Batman, SIAM and Mean Time Between Ass Kickings: SITS16 Recap

It’s the London Olympia baby! Last week was the 2016 Service Desk & IT Support Show or SITS for short. SITS is a annual, free event in central London dedicated to all things tech support and ITSM related.

 

DevOps Needs Leaders – Daniel Breston

The first session we attended was run by fellow Batman super fan and all round ITSM rockstar Daniel Breston.

 

 

Taking all of 5 seconds to get a Batman reference into his content, this was clearly destined to be my favorite session of the day. Daniel opened by talking about the iceberg of ignorance, in other words, the further away you get from service delivery, the few problems that you see. Daniel continued by discussing how one of the biggest challenges faced by managers is taking the time to improve.

Daniel introduced the ITIL, Agile and Lean triumvirate explaining how it’s not enough to have best practice, we must be responsive to the needs of the business and efficient in the way we deliver enterprise services.

The next part of Daniel’s presentation focused on how DevOps is a way to do better faster safer on a continual basis. Daniel talked about the need to focus on the entire value stream of better faster safer from strategy right through to operations.

Daniel went on to talk about measurements and advocated putting your business reports in a language your company understands for example from zero to we got this! He also introduced a brand new metric which I think our friends at AXELOS towers should be all over in terms of including it in the next ITIL refresh.

The final part of Daniel’s session focused on behavior. As Daniel put it “DevOps starts with management talking to people and finding out what their problem are.” Daniel talked about the 3 ways to manage effectively environment:

  • You built it, you run it
  • Project to product
  • Strangle the complexity – lose the nonsense

His final point? Don’t forget to celebrate your successes along the way, preferably with beer!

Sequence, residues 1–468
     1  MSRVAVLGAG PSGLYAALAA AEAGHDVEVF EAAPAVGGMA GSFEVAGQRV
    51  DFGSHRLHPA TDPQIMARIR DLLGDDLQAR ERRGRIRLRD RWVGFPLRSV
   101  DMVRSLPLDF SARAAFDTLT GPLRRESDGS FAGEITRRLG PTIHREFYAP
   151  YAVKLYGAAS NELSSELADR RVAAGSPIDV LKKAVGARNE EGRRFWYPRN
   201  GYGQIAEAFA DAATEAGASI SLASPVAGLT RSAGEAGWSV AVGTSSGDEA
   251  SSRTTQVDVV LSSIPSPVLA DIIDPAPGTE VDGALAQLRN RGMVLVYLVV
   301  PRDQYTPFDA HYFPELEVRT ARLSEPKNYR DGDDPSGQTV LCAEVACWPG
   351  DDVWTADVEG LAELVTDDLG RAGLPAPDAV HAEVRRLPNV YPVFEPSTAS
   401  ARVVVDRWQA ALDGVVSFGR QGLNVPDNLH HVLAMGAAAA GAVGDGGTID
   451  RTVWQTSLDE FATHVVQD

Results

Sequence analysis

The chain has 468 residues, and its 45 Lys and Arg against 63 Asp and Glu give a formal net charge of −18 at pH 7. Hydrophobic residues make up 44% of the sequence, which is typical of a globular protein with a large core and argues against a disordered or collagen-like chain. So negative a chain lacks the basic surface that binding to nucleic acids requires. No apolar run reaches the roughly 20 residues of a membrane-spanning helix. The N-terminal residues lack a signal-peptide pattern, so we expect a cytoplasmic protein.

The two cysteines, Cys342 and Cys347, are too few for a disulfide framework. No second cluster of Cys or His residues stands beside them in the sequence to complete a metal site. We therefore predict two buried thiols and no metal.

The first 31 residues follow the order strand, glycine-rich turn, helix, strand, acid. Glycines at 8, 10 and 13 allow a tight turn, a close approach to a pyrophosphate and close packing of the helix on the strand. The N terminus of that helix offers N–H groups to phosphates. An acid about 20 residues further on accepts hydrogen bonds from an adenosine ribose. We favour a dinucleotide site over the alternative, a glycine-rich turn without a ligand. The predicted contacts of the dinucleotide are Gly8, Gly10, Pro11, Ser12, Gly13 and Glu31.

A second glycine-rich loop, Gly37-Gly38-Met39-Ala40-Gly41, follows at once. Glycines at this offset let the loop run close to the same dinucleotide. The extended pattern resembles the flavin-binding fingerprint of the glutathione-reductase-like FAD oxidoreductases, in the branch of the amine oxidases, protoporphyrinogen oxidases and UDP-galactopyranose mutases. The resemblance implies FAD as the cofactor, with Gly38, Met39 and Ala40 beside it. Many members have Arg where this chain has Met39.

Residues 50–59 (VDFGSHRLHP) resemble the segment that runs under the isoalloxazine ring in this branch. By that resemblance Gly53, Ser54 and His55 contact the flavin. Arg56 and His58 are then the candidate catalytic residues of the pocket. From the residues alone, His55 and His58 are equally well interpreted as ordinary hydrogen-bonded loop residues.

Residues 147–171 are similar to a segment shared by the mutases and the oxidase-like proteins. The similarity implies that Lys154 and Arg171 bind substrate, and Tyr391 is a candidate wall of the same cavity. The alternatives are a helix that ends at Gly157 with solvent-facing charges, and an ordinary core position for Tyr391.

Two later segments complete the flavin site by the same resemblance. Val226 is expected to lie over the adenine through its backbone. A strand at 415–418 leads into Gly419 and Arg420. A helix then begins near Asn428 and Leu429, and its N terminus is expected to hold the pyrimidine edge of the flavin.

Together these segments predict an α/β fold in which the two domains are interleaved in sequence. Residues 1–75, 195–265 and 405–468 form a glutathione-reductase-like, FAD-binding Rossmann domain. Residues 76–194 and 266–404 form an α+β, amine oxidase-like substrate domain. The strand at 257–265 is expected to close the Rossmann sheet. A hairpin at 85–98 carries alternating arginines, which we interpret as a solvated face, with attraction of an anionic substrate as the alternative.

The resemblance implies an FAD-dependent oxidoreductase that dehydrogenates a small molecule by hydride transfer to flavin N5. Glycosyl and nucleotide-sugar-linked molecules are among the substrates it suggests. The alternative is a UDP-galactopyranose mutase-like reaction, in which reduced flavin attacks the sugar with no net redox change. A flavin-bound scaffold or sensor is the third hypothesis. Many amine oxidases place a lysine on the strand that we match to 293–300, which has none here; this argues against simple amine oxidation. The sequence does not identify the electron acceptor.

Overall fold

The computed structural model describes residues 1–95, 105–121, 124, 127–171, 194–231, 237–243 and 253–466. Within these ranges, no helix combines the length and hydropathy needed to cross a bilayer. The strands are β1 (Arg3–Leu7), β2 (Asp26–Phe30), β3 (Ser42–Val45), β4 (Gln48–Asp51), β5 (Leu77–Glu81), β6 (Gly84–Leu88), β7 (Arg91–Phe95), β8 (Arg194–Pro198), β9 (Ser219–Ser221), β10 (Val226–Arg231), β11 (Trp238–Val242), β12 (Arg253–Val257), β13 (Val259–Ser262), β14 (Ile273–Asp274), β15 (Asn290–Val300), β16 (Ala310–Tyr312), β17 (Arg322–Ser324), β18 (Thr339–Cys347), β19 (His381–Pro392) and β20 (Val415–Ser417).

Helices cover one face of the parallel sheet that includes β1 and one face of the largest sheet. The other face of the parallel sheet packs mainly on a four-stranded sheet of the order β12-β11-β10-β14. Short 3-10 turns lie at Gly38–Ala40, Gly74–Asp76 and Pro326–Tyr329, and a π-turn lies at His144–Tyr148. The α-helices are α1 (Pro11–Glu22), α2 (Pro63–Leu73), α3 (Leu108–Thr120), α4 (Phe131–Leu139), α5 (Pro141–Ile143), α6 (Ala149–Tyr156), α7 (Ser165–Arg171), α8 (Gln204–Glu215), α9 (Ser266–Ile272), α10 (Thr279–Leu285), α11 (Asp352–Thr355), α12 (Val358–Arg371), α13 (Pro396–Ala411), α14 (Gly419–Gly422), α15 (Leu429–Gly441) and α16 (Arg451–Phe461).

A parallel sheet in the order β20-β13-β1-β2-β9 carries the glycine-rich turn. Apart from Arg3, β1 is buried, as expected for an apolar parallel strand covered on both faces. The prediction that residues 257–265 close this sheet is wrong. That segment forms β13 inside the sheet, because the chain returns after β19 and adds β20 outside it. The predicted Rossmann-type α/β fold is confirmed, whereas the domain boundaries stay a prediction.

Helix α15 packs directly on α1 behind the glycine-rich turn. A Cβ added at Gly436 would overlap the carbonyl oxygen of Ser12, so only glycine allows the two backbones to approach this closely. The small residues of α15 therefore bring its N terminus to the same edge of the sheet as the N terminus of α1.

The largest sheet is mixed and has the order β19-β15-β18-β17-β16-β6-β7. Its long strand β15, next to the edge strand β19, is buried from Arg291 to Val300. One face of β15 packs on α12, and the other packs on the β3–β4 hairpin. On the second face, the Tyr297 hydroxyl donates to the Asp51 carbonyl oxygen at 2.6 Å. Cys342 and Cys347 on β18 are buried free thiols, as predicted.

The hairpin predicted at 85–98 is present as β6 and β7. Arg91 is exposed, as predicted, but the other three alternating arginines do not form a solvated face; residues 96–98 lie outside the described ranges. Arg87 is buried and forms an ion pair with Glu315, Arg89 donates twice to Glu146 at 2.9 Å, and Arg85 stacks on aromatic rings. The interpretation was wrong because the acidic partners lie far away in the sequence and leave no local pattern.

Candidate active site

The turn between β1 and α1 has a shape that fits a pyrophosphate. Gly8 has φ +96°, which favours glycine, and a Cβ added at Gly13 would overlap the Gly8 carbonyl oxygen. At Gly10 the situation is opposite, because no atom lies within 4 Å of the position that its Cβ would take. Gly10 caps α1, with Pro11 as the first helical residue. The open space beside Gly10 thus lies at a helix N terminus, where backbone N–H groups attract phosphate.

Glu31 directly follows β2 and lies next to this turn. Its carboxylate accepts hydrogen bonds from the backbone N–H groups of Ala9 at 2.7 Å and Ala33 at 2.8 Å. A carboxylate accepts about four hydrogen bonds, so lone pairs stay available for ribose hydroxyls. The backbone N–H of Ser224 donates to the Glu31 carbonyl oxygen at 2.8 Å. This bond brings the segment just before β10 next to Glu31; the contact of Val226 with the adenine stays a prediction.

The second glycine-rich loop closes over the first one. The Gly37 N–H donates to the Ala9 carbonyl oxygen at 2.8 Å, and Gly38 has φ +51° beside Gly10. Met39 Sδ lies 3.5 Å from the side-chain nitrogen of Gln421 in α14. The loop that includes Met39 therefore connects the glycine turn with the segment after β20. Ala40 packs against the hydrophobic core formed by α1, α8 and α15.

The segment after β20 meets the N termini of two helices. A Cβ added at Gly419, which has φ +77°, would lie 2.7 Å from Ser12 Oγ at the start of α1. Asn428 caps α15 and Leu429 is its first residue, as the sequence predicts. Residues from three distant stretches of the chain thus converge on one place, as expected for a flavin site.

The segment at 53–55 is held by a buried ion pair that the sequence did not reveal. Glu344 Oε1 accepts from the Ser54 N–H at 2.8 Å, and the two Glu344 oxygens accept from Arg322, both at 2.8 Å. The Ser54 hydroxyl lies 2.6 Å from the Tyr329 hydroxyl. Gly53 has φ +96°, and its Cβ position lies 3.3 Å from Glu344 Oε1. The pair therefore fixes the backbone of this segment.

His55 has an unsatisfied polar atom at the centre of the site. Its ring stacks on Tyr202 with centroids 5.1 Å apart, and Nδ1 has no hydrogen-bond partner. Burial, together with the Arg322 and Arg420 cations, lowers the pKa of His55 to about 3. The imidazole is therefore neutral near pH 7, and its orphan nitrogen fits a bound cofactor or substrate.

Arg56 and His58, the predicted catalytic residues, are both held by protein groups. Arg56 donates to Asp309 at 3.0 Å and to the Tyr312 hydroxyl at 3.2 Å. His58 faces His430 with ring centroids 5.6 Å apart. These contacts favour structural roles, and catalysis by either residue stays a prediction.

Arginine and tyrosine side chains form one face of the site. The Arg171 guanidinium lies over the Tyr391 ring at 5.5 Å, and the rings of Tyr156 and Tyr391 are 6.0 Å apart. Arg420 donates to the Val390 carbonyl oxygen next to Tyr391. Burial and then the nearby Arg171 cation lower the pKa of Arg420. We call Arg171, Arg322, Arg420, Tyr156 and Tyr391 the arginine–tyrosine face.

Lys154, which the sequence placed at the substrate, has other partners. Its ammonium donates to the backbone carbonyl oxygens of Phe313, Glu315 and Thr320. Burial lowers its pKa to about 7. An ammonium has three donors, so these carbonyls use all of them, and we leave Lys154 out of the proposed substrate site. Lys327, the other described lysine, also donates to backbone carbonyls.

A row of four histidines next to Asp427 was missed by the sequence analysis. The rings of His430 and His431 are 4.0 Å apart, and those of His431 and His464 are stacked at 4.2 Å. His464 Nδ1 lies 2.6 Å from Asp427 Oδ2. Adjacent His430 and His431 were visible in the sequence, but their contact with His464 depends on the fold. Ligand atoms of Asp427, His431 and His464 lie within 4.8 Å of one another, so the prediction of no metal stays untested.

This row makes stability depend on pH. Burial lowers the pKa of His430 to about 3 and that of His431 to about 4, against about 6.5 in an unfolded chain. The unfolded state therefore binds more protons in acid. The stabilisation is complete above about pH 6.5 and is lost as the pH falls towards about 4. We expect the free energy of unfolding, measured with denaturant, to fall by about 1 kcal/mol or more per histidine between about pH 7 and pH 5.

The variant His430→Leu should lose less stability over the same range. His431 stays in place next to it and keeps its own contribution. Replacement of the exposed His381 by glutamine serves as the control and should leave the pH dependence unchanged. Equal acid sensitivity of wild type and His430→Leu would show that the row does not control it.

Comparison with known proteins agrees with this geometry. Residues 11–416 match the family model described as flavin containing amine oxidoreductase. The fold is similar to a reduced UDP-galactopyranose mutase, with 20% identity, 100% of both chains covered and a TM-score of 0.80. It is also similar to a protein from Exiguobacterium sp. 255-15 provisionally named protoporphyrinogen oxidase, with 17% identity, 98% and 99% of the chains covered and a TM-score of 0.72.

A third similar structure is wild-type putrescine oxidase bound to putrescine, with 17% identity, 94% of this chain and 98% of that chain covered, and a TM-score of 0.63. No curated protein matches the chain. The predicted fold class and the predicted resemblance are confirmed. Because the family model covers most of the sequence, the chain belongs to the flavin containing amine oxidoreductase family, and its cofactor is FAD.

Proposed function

The Pros and Cons of Public and Private Cloud – Sarah Lahav, SysAid Technologies

 

Sarah opened her session by talking about the recent LinkedIn hack; asking her audience how many of them were able to understand if their personal data had been compromised from the e-mail response issues by LinkedIn – ie the importance of asking the right questions.

Sarah went on to talk about the public cloud and private cloud and the pros and cons of each approach. Public clouds are typically easy to use, flexible and operated by a third party but may be unreliable and less secure than an in house solution. Private clouds are organisation specific, customisable and more secure but can be more costly and require in house expertise.

The next part of the session looked at how a hybrid model can give organisations the best of both worlds without increasing risk. Sarah went on to talk about case studies of the SysAid product from General Cable. Fluortek and LAN Airlines who has the impressive statistic of being able to handle seven times the number of Incidents since using SysAid.

Sarah concluded by explaining with the evolution of SaaS and cloud, it takes new skills to manage your estate effectively, Sarah’s advice? Every organisation is different so in terms of cloud provision, capture the requirements of your organisation and then plan accordingly.

 

Transforming The Service Desk With SIAM & Lean – Joe Bicknell, ServiceNow

The final session we attended was Joe’s session on Service desk transformation. Joe opened with the frankly terrifying statistic of outside the workplace, 84% of requests are automated, inside the workplace only 33% of requests are automated. The upshot? The average employee spends around 15 hours of their working week faffing about trying to  battle the admin mountain.

 

Joe went on to explain the ServiceNow way of thinking “we believe everyone in your organisation requests something and everyone in your business is a service provider in some way.”

 

Joe used ServiceNow to demonstrate how ITSM can be applied to the entire organisation, streamlining processes and removing silos. His top three takeaways?

 

  • Own IT Service Management in your business; it’s the key link between the front and back office.
  • Change the way you work, don’t use technology to compliment what you do
  • Take the workshop to your organisation and start to take Service outside of IT

 

Did you go to #SITS16? Let us know in the comments!!